Despite Covid-19, the Upper School Finds a Way to Serve

Despite Missions Week looking different this year, the Upper School students find a way to serve the community.


Photo by: courtesy photo

The Upper School students work hard to pack meals for Kids Against Hunger.

Korey Vita, staff writer

Due to the COVID-19 Pandemic, instead of the normal Missions Week this year all Upper School students stayed local. The sophomore class went to Dallas Baptist University for a shortened college tour trip. The students walked around the campus and experienced a chapel service at the college. Another group of 25 juniors and seniors signed up to go to Bonton Farms in Dallas. Bonton Farms grows organic produce on two farms in the area and sells the produce in their market to the people in area. The group helped by shoveling compost into rows for the farmers to plant the crops. Senior Ruth Perry said, “It was hardworking, but very rewarding in the end.” The rest of the Upper School students stayed at MCA to help bag and pack meals for Kids Against Hunger. Everyone was split into groups of 10 and each were given jobs to do. Most groups bagged the food, one group assembled boxes, and the last group packed the boxes. At the end of the day, the students packed approximately 22,000 meals for impoverished children around the world. Despite Covid-19, the Upper School found a way to serve the community on Missions Day.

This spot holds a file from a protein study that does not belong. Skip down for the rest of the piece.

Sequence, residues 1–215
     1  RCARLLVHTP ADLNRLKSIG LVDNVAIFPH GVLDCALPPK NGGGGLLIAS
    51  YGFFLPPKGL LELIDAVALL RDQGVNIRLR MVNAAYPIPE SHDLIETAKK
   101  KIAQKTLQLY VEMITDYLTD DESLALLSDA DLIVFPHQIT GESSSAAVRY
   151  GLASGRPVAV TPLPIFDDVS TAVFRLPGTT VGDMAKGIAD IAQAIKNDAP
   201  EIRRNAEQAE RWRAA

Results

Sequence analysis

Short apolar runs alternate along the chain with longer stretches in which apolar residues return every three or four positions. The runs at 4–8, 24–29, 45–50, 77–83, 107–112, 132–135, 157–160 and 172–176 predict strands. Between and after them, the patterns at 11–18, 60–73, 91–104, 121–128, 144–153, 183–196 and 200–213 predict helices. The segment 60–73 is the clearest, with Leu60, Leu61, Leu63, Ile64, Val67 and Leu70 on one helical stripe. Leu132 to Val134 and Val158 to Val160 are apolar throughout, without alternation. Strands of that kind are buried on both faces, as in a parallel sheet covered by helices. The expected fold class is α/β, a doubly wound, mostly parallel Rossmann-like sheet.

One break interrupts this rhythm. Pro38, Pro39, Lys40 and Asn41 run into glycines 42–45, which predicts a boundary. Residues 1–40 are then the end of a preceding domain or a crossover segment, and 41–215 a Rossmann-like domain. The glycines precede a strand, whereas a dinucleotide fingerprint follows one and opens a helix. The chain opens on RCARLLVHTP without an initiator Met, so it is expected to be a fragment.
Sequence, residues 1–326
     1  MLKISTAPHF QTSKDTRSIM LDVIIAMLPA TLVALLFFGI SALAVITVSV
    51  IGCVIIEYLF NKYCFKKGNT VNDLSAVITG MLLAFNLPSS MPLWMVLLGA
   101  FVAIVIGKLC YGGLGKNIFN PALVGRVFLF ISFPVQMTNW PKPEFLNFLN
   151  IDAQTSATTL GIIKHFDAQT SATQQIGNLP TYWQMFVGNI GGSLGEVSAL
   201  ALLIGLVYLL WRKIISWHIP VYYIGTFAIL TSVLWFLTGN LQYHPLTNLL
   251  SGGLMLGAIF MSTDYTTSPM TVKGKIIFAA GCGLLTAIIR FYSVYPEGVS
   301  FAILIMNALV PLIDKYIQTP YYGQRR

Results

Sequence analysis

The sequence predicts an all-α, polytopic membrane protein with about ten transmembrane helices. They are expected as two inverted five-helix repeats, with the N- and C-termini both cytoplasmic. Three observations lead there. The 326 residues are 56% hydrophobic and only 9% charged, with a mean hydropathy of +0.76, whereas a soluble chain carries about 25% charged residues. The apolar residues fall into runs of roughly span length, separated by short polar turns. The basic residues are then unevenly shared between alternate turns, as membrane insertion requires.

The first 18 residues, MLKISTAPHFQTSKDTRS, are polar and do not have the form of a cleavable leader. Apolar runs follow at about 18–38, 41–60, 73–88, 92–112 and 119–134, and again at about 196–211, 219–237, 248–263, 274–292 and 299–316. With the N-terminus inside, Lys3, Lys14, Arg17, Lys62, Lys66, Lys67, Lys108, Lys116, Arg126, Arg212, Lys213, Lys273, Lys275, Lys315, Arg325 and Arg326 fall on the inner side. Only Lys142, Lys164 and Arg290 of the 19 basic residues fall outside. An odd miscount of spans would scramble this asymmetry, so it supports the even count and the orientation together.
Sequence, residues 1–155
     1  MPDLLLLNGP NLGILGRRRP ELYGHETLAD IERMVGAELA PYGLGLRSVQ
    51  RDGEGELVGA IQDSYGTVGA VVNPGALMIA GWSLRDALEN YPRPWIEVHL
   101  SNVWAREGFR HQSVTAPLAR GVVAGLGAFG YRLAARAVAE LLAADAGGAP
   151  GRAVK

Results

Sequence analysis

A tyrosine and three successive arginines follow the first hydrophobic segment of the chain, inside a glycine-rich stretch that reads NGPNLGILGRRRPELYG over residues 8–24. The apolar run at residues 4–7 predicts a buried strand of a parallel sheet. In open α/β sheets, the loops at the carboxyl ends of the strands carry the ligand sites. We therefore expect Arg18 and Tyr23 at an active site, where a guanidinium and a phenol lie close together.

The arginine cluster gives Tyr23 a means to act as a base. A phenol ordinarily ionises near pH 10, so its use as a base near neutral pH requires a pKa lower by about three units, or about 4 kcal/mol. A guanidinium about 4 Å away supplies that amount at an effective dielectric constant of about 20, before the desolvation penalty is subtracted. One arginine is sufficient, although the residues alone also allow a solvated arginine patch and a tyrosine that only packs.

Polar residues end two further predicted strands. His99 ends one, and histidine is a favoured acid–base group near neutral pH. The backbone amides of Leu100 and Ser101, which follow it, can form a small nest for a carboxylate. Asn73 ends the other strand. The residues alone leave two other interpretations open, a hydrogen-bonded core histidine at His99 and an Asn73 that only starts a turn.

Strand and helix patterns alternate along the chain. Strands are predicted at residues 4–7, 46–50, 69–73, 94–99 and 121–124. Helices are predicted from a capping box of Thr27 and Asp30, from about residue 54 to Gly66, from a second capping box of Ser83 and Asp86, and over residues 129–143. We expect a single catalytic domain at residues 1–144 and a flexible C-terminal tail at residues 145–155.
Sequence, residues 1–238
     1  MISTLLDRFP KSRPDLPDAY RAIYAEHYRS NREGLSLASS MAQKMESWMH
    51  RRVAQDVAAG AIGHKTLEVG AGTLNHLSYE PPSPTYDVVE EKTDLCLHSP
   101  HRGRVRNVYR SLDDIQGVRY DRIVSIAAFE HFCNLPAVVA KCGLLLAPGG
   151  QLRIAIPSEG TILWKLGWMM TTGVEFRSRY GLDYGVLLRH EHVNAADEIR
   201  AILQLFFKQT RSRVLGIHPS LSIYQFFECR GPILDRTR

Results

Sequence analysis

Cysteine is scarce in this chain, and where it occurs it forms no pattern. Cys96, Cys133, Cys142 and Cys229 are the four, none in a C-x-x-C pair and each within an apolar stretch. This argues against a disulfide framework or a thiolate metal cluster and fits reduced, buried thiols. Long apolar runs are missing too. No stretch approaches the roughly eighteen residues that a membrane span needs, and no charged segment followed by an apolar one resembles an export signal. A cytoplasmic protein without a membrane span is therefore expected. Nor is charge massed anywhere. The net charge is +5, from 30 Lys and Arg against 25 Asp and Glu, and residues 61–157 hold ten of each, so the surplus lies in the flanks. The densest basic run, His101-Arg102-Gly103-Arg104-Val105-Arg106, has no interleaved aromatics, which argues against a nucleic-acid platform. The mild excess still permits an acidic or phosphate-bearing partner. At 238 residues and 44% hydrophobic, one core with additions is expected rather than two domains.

The sophomore class takes a tour of the DBU campus. (photo by: courtesy photo)
The sophomore class stops to listen to the tour guide during college tour. (photo by: courtesy photo)